A Safer Alternative For Treating Brown Patches On The Skin

Stubborn brown spots, sun spots, and brown patches on the skin are a concern for many, and while there are topical skin care products that can help to encourage their fading, one in particular is not without controversy. Hydroquinone is a commonly used skin bleaching agent that inhibits Tyrosinase, an enzyme involved in producing pigment. The controversy around Hydroquinone revolves around redness and skin irritation, but some reports have shown it as possibly causing liver cancer and leukemia in rats. Countries such as Europe, South Africa, and Japan have banned its use, but in the United States, the Food and Drug Administration (FDA) still considers it safe and it is commonly prescribed by dermatologists.

While I generally support the FDA, and have seen the positive impact it can make in reducing these stubborn brown spots for many of my clients, I do understand people’s concern in wanting to find a natural, less controversial solution. Adding to the controversy, the Texas Attorney General’s office has made one known Hydroquinone maker remove all their products using this ingredient from the shelves of spas and medical offices. So, for those who live in Texas, Hydroquinone may be harder to access. This also has happened in the state of Florida.

For a Hydroquinone-free alternative, look for products that contain high concentrations of Magnesium Ascorbyl Phosphate, Kojic Acid, and Licorice Extract (Glycyrrhiza glabra), which can help inhibit melanin production…

My Vitamin C&E Treatment has been hugely beneficial for our clients in fading stubborn brown spots, sun spots and even discoloration due to hormones and pregnancy and it’s hydroquinone-free! It’s suggested to use underneath a daytime sunscreen, 365 days a year to suppress melanin activity. (We call it a “glow in a bottle.”)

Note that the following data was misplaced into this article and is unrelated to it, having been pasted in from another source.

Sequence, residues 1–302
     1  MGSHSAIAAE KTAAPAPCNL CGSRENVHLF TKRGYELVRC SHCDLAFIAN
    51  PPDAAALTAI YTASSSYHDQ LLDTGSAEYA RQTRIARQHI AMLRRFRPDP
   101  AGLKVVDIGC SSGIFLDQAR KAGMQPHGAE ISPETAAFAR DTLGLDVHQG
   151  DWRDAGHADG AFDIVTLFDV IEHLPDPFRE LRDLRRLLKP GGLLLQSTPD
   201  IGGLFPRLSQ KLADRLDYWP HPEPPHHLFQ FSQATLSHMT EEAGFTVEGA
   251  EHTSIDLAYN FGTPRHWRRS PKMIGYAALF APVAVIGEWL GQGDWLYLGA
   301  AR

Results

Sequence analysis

Read: How Deep Are Your Sun Spots?

Read: Seeing Brown Spots? You’ll Be Surprised At One Of The Causes

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  1. Hello Renee! I have super sensitive skin and I am trying to treat some stubborn melsma spots. The problem I have encountered is that most melsma treatments irritate my skin, causing inflamation, which only seems to make my melasma worse. How would you recommend I treat my condition without irritating my skin or pemanently altering my natural skin color? Thanks!

    Posted By: Elizabeth Stefano  | 

    Reply
    • Hi Elizabeth, The Vitamin C&E Treatment would be perfect for you as it’s non-irritating. Ultimately, if what you’re using is inflaming your skin, that is never good and will only keep melanin cells stimulated. I recently wrote a post about pigmentation which can give you more tips for how I treat discoloration for my clients. Read this post.

      Posted By: Renée Rouleau  | 

      Reply
      • Thanks! You rock

        Posted By: Elizabeth  | 

      • The vit c and e instantly irritates my skin. Could it be the oils?!

        Posted By: Sandy  | 

      • Hi Sandy, Are you referring to our Vitamin C&E Treatment specifically? It is a no-sting formula so if ti’s stinging your skin or causing irritation, it could be that you have a damaged moisture barrier and your skin is very reactive to almost everything. Read more about this here.

        Posted By: Renée Rouleau  | 

      • Yes thanks! That sounds like what’s happened. It’s been since I’ve been using a zinc/titanium sunscreen every 3hrs or so. Do you think it is too drying? I have the pro remedy oil I’ll start using.

        Posted By: Sandy  | 

  2. What are your thoughts on retinol for lightening melasma or sun spots?

    Posted By: Sandy  | 

    Reply
  3. can I use this if I am a type 1 ??? 39 years old battleling with adult acne

    Posted By: ERIKA GONZALEZ  | 

    Reply
    • Yes, you can Erika. I would suggest alternating with the Skin Correcting Serum in the morning under the Daily Protection SPF 30.

      Posted By: Renée Rouleau  | 

      Reply
  4. Would this help with dermal melasma as well? Can Magnesium Ascorbyl Phosphate penetrate the dermis? Thanks!

    Posted By: Ashly  | 

    Reply
    • This is a hydroquinone alternative, so it can work just as effectively as that but safer. Both MAP and Hydroquinone can help dermal melasma for some. Others have to go for laser treatments if they don’t respond with topicals. But it’s also a great anti-aging antioxidant and should be used regardless of melasma. It’s worth trying for sure!

      Posted By: Renée Rouleau  | 

      Reply

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